I'm interested in putting some stuff up on DiviantArt, and while I like the license options, I would like to restrict them a bit. Namely I'd like to prevent copies or derivatives from appearing places that I haven't also published them. If I put something on DA, otherSite.com, and YAsite.com then those are the only three places I wish to allow derivative works or copies to be posted. At the same time, I wish to be able to post my work anywhere I wish. Furthermore, if by some strange chance I come into a situation where I can make money off of my work, I would like to do so, while disallowing derivative works to be sold for money (but still allowed for non-profit). Can I say something like ``CC BY-NC-SA 4.0 except for X-Y-Z provisions"?

Looking this up, I found that the GPL (GNU Public License) may be modified, but I'm not interested in GPL, rather a modified Creative Commons license.

edit: To be more explicit, I want to say the following

This is work may be lisenced as per the CC BY-NC-SA 4.0 with the fallowing alterations:

(1) $myName, the original IP creator, may collect monetary compensation of his work. This does not imply that the original IP creator may monetize derivative works, nor that derivative works may be monetized by their creators.

(2) Distribution of copies and derivative works is restricted to those methods/places/whatever that the original has also used.

I'm thinking something like that, but not necessarily that.

  • "Can you tweak a license?" Yes. How do you think CC-BY, GPL, etc. were written? However, tweaking it in the specific manner you are mentioning, while still allowing others to use it in a straightforward way, seems non-trivial. Why not just use your own license (proprietary, with specific allowances)?
    – Brandin
    Dec 25, 2017 at 17:34
  • Well, the various version of CC and GPL were tweaked, yes, but they were also rewritten, in a sense. What I'm looking to do is say ``all that stuff, except where it conflicts with this other stuff I'm saying". As for why not use my own license? I'm not a lawer.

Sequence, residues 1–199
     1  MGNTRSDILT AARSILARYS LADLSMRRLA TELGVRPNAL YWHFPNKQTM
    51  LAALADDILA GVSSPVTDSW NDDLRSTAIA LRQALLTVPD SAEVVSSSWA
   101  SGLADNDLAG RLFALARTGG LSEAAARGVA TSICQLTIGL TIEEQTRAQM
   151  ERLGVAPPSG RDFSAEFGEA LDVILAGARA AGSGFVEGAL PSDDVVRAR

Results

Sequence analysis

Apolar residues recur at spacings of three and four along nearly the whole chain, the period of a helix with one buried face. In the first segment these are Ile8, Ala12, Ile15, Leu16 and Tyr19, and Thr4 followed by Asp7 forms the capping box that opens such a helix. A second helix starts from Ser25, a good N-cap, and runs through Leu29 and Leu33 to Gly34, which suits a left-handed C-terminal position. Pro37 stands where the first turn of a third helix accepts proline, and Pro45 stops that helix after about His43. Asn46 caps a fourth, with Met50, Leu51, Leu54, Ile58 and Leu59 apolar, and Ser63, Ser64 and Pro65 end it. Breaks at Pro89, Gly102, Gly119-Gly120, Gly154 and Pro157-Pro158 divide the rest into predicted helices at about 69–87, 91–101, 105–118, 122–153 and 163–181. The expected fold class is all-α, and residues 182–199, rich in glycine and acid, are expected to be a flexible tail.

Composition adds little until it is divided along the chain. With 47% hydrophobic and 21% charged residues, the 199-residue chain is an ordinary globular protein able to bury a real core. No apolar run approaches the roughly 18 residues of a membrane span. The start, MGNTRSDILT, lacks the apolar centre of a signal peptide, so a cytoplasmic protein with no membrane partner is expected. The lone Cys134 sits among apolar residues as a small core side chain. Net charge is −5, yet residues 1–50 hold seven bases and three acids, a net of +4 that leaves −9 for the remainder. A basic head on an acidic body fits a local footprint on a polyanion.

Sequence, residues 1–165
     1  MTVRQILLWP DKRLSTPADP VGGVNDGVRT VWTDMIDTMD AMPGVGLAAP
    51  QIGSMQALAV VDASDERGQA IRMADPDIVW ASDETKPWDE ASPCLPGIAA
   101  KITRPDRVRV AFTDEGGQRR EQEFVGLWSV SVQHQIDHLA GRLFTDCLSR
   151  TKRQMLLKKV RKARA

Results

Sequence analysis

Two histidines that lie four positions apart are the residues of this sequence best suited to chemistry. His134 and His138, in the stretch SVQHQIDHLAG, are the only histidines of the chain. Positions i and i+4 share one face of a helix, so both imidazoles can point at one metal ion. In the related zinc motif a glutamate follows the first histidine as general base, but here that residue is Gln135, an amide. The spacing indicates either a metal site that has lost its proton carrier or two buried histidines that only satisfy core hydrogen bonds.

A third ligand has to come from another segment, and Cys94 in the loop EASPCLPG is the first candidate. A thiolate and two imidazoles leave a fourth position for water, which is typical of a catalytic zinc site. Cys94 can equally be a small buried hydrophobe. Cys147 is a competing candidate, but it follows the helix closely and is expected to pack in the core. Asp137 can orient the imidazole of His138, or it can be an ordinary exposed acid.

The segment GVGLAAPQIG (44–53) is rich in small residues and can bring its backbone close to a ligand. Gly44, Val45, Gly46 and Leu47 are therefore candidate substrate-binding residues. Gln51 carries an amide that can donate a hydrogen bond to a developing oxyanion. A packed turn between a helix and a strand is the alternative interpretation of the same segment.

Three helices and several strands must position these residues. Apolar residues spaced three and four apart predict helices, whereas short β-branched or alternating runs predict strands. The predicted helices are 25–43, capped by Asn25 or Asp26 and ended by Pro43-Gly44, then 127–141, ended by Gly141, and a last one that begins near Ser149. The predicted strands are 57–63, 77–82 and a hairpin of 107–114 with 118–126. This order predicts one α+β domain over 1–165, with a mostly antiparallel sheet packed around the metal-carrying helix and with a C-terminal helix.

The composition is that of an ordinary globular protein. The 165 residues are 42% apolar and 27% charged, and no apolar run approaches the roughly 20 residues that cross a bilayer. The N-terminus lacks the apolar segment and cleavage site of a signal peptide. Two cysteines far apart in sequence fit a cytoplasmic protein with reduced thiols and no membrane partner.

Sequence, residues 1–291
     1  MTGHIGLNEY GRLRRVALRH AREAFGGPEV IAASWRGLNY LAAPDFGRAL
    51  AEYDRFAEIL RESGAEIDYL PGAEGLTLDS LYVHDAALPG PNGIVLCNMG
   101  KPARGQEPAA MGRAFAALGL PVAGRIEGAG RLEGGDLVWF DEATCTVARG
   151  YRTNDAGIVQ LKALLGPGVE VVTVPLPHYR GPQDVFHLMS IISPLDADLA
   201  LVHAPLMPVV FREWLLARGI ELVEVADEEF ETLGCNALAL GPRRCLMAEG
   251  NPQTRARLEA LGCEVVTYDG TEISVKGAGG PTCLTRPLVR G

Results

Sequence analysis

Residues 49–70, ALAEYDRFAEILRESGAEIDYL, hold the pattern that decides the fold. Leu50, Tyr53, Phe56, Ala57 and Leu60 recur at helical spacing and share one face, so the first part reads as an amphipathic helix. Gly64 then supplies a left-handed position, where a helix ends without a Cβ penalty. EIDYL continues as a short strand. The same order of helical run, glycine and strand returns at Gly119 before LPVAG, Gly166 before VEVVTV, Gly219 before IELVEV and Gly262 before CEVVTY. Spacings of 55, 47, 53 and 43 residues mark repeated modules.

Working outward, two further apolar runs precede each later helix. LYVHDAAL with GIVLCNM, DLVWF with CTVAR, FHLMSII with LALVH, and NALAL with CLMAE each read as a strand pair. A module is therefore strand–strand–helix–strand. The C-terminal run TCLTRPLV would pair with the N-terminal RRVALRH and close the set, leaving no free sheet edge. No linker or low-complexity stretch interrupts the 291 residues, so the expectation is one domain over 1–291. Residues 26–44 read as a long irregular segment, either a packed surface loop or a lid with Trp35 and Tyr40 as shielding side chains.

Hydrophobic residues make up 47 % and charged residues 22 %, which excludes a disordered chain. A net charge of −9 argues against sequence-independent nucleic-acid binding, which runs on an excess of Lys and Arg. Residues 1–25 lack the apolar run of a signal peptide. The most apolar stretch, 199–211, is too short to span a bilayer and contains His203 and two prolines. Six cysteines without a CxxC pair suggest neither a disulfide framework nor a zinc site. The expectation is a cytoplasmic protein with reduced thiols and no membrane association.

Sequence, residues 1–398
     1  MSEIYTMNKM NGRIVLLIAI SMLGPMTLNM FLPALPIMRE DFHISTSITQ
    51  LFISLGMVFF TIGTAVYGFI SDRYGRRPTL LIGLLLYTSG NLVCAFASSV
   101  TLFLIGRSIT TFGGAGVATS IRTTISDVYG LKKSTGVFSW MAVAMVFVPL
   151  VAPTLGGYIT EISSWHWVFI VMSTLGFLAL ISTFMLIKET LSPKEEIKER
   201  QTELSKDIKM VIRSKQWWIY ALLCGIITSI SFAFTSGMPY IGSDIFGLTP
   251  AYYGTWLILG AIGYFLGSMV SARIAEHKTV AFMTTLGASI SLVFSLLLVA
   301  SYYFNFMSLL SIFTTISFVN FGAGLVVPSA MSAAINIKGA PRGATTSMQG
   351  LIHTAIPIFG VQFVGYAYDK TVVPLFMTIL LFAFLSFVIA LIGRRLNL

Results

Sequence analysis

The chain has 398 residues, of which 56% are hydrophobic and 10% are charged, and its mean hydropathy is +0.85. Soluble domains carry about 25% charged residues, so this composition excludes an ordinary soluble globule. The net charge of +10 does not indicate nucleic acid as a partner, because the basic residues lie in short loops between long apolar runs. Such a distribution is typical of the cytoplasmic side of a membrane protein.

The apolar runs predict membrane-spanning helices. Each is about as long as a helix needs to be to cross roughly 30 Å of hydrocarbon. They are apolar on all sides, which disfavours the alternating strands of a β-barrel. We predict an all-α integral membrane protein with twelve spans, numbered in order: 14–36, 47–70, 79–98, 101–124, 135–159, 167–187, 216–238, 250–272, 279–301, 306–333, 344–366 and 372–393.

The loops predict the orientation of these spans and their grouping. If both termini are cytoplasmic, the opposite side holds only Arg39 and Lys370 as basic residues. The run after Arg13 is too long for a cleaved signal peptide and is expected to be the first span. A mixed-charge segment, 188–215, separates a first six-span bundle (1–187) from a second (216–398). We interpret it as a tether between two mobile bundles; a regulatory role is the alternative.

– Nero gris
    Dec 25, 2017 at 17:36
  • "I'm not a lawyer" applies for tweaking as well as writing a new license. Adding in so many things to CC-BY, even if this is possible, it seems as though you may as well be writing a new license.
    – Brandin
    Dec 25, 2017 at 17:39
  • I'm not adding in a lot of things. Just two "I may monetize my work if I will it" and "derivative/copies of this work may not be shared on sites/mediums other than where the original work was distributed."
    – Nero gris
    Dec 25, 2017 at 17:42
  • 1
    Your planned changes go very much against what a CC licence is about. Why use anything CC-based for non-free works?
    – chirlu
    Dec 25, 2017 at 18:21

1 Answer 1


It depends on the license that you are using as your basis. The SE terms of service includes a modification of CC-BY along the lines of your "except that" example. There have a mechanism, called "CCPlus", that officially allows you to grand all of the rights of a license plus specified others (you can't retract a right, there is no "CCMinus"). CC explicitly grants permission to modify the license, as long as you don't call it a CC license (you can mention that it is based on a CC license). They state "CC does not assert copyright in the text of its licenses, so you are permitted to modify the text as long as you do not use the CC marks to describe it".

It is a separate question whether you should use the vague word "monetize" in a legal document. Your lawyer would advise you why that is so, and would advise you whether your re-writing was legally coherent. Since you are retracting rights you can't use CCPlus.

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